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Why Carpal Tunnel Surgery?
Over 400,000 Americans need carpal tunnel surgery yearly. Carpal tunnel syndrome happens when inflamed tendons rest on the median nerve of the wrist. The main cause of carpal tunnel surgery is repetitive wrist action. Carpal tunnel also develops from poor wrist position or diseases like diabetes. Pain, discomfort, and a loss of grip strength occurs. If nonsurgical treatment of carpal tunnel syndrome fails, surgery is the best option.
Prepping for the knife
Before surgical procedures, patients should stop behaviors like smoking and drinking alcohol. Surgeons also suggest patients stop medications prone to blood clotting. Have a big lunch the day before. Patients should stop eating and drinking 12 hours before surgery. Carpal tunnel release surgery happens using two basic surgical procedures.
Open Tunnel surgery
Open surgery clears the passage for the median nerve. A surgeon makes a two-inch incision down the palm or wrist exposing the carpal tunnel. Now the surgeon can make the necessary incisions to the surrounding tendons. The median nerve should now have the breathing room needed to perform better. Finally, stitches close up the incision.
The surgery with a camera
A surgeon can also perform endoscopic surgery. The procedure involves small incisions in the wrist and palm. The surgeon can then insert a small camera to see the underside of the ligament. Next, surgical tools cut away the tendon obstructing the median nerve. After the repairs, the surgeon stitches up the incision.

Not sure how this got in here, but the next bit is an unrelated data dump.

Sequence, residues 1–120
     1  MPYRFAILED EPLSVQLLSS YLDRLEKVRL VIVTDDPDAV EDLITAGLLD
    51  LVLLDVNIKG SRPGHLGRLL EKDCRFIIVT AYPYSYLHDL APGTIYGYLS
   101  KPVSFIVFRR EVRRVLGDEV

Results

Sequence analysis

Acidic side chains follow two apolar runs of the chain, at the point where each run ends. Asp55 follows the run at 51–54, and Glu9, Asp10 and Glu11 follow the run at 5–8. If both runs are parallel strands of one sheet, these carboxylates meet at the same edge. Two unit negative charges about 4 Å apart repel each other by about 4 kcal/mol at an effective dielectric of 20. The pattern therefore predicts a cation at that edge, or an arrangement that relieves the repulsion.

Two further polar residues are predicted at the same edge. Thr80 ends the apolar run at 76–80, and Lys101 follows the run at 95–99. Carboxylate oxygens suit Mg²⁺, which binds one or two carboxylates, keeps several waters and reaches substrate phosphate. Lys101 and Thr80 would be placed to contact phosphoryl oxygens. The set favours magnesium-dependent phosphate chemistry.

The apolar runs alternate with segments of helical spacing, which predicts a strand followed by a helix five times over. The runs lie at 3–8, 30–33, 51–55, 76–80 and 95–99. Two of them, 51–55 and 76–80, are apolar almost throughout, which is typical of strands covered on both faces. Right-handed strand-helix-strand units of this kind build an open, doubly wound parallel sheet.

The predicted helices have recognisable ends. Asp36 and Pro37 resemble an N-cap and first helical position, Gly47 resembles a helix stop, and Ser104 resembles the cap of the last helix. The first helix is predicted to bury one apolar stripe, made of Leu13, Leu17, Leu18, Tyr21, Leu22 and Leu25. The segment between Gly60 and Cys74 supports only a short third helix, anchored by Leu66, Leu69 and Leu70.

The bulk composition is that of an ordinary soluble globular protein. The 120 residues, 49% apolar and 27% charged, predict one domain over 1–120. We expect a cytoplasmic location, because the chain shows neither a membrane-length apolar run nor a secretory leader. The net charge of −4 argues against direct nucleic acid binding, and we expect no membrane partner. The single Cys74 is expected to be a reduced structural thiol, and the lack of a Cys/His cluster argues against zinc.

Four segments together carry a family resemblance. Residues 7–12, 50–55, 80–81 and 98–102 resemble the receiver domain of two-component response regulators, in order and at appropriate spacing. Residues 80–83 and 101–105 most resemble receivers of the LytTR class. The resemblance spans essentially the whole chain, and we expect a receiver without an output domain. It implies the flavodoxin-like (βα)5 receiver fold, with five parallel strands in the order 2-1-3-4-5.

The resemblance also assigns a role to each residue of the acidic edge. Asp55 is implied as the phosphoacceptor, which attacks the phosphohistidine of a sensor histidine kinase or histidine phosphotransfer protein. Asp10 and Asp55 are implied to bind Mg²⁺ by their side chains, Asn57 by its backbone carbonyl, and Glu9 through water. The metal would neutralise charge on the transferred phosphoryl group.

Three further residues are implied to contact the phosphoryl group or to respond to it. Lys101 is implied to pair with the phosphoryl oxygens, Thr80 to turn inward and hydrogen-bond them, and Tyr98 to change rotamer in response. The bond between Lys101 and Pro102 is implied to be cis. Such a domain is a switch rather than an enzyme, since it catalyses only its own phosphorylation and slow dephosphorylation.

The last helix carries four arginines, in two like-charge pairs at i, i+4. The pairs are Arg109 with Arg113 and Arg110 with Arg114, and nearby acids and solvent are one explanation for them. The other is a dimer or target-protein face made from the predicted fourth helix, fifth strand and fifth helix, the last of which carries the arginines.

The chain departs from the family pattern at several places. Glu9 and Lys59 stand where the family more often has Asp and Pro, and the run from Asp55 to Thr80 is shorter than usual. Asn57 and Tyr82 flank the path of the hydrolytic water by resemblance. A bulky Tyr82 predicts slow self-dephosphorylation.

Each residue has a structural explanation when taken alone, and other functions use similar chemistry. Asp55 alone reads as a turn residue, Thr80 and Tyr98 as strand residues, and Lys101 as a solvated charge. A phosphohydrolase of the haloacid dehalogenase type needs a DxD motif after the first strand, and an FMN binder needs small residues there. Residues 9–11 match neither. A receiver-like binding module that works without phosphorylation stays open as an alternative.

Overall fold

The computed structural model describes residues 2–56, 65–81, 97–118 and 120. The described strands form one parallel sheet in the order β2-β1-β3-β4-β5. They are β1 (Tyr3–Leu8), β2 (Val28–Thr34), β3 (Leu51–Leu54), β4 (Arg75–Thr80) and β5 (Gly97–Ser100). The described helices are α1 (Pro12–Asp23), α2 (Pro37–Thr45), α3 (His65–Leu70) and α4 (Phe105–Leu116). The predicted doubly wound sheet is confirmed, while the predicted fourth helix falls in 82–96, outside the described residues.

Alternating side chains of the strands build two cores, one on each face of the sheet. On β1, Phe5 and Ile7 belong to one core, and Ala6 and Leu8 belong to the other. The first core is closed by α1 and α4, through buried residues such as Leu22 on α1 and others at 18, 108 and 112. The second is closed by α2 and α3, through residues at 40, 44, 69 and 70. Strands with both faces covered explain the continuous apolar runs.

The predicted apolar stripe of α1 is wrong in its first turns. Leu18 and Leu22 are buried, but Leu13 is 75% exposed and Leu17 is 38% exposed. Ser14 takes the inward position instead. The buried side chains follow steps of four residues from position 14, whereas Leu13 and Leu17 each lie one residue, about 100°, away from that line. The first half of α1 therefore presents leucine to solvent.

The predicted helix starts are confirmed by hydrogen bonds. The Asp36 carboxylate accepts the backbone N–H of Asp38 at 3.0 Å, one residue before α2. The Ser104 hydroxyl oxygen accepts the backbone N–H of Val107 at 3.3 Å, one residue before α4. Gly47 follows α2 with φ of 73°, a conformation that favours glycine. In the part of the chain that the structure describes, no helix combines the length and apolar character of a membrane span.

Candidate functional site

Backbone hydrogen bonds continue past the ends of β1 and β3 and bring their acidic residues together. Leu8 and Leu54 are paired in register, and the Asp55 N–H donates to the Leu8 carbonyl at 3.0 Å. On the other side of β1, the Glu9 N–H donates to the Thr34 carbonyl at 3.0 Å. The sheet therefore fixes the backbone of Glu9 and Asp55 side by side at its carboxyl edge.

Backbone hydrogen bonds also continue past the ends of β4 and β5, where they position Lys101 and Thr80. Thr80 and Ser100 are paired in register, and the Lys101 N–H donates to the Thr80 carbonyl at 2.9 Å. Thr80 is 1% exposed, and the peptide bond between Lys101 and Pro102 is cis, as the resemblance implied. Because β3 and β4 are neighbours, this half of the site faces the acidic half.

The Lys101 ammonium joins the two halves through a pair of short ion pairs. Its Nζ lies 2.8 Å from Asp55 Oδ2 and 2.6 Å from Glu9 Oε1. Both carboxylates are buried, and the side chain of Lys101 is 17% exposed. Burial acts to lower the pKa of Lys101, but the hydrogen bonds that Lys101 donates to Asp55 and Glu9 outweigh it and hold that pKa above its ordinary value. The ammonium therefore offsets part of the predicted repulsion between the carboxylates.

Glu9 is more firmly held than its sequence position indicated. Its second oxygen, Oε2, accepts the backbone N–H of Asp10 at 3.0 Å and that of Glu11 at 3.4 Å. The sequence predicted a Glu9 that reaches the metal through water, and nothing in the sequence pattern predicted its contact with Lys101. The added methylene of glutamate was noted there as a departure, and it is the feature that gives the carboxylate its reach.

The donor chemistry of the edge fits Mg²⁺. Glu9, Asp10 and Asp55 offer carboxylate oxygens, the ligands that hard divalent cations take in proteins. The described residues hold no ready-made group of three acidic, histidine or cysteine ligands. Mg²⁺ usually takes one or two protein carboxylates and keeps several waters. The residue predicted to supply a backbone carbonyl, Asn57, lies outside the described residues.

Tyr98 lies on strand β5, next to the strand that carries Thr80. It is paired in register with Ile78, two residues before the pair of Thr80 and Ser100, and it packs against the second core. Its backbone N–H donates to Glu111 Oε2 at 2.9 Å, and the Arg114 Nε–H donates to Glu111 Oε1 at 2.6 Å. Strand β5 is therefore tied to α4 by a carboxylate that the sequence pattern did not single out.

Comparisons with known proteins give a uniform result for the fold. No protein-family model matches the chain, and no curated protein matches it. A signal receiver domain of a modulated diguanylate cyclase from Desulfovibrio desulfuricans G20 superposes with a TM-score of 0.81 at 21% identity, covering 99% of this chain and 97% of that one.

The surgery’s done: what’s next
Carpal tunnel surgery is an outpatient procedure, meaning patients can leave the same day. The hand and wrist remain bandaged for the first two weeks. Until then, doctors prescribe pain medication to aid the recovery process. Patients also get information on bandage care, using ice packs and physical therapy care.
Can surgery bring complications
Carpal tunnel surgery has an excellent success rate of over 90%. Yet surgeries bring a possibility of complications. Fever, soreness at the point of surgery, and bleeding are possible. The adjacent nerves and tendons can damage during the process. In rare cases, carpal tunnel syndrome can reoccur. However, carpal tunnel surgery complications are rare.
Sit back, relax and recover!
The recovery time for carpal tunnel surgery varies. Surgery on the dominant hand has a longer recovery time than the non-dominant hand. Patients should take time to rest for the weeks after the procedure.
How to gradually resume everyday life.
Light activities like driving are possible after one week of surgery. Writing with the dominant hand is possible after 2-4 weeks without discomfort. Lifting, pushing and pulling large loads should get easier after two months. If jobs require heavy use of hands, doctors will recommend extended time off.
Overcoming carpal tunnel surgery
The total recovery time can be up to 12 weeks. Recovery is dependent on key factors including age and the degree of damage. However, patients take several months or up to a year to experience the full benefits of the surgery. With successful carpal tunnel surgery, simple tasks like writing become a joy again.